September 2, 1996

Day 19 - Outside Livingston to east of Bozeman, MT

"The next morning the mud was thoroughly washed from the bicycles, which were then taken apart, and the balls, bearings, chains, etc., cleaned and oiled. Getting all packed by 2:30 o'clock that afternoon we started out again and within thirty minutes the summit of the Gallatin range was reached. Although the roads were very much better on this side we had to dismount very often on account of ruts and mud puddles.
At 5 o'clock we entered the streets of Bozeman and an hour later made camp for the night, having traveled 24 miles in three hours. Just before reaching the end of the day's journey a collison occurred which resulted in the rim of a front wheel being smashed to splinters. The soldier who rode the wheel carried it the rest of the way to camp, and while we were busily engaged trying to improvise a tandem there appeared on the scene a bicycle tramp. He told us how he had ridden through Montana, Wyoming, Idaho, Nevada and other States, going from place to place in search of work. In addition to is other accomplishments he was also a cyclist mechanic of no mean ability, and for the sum of $3 offered to ride to Bozeman, 6 miles away, get a new rim and have the wheel fixed before 6 o'clock the next morning. The proposition was accepted and, strapping the broken wheel on his back our "Wandering Willie" soon disappeared in the darkness. Upon reaching Bozeman, however he found the only bicycle shop in town closed, the proprietor being at a political meeting. Going to the meeting, he found him in the crowd and succeeded in getting the rim by 9 o'clock that night, then hiring a room, he worked until 4 o'clock the next morning, fixing the wheel and had it at our camp by the appointed time."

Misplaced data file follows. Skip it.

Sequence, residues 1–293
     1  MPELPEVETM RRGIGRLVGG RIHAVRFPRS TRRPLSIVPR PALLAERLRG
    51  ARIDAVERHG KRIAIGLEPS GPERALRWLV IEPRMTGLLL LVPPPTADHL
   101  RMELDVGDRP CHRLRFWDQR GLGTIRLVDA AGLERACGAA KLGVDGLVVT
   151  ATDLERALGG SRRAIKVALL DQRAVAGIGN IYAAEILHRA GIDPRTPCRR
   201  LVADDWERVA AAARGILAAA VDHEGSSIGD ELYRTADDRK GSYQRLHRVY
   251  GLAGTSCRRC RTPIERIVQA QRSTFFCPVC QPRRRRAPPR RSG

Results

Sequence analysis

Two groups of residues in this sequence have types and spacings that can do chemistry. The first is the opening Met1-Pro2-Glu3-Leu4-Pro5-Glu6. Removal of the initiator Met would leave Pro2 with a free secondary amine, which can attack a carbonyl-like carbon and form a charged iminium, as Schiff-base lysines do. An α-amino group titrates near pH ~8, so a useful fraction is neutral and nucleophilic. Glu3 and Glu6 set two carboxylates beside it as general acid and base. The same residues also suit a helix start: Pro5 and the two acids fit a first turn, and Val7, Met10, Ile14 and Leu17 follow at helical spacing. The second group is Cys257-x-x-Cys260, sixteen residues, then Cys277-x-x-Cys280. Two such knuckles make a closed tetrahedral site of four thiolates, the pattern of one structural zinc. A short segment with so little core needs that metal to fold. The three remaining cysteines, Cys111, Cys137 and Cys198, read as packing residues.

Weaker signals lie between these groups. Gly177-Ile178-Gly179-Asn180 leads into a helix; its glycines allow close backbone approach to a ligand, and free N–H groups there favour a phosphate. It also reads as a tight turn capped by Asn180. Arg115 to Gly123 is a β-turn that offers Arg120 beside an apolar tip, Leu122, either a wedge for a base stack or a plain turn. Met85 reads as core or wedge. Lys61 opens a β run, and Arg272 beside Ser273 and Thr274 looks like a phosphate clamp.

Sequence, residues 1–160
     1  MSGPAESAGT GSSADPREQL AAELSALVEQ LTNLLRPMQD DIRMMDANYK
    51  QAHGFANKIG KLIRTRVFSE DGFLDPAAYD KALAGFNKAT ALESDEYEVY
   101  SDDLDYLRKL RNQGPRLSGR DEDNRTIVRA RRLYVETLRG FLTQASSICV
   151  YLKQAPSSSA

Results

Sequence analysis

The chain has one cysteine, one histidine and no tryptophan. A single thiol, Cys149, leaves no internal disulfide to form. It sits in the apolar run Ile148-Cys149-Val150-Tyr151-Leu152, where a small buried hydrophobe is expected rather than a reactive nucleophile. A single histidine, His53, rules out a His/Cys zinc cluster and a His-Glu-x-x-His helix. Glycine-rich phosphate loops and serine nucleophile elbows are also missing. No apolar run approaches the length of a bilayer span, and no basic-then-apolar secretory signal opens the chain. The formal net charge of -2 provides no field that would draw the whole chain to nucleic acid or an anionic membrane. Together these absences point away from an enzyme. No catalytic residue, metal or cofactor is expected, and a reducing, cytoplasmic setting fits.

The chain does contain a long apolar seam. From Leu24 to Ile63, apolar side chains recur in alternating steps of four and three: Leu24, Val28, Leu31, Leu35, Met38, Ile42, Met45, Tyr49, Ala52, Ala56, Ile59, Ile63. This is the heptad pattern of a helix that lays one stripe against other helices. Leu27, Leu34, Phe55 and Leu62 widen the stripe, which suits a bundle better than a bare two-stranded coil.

- Lt. James A. Moss, Military Cycling in the Rocky Mountains, pg. 39-41

"Sept. 2 - After breakfast wheels taken to a ditch near by and mud washed off. Chains and balls removed, soaked in kerosene oil and oiled. At 2:30 P.M. left for Bozeman. Roads very muddy. Weather threatening all morning--sun during afternoon. Had to walk first 2 miles on account of mud and grade. Reached summit of Gallatin Range 3 P.M. . Comparatively good roads going down on other side of range, but had to dismount again and again on account of mud puddles and ruts. Reached Bozeman 5 P.M. Stopped 20 mins. to get meat and bread. At 5:50 P.M. Proctor's front wheel broke down completely--rim broken into splinters. Stopped for the night and slept in a barn. Gave a kind of "Wandering Willie", a bicycle tramp, $3.50 to get and fix a rim for me. Distance travelled during day 24 miles; time of actual travelling, 3 hours."
- Report from Lt. Moss to Adjutant General, Oct. 10, 1896 [National Archives, R.G. 94 Box 346 46363-46575]

No comments: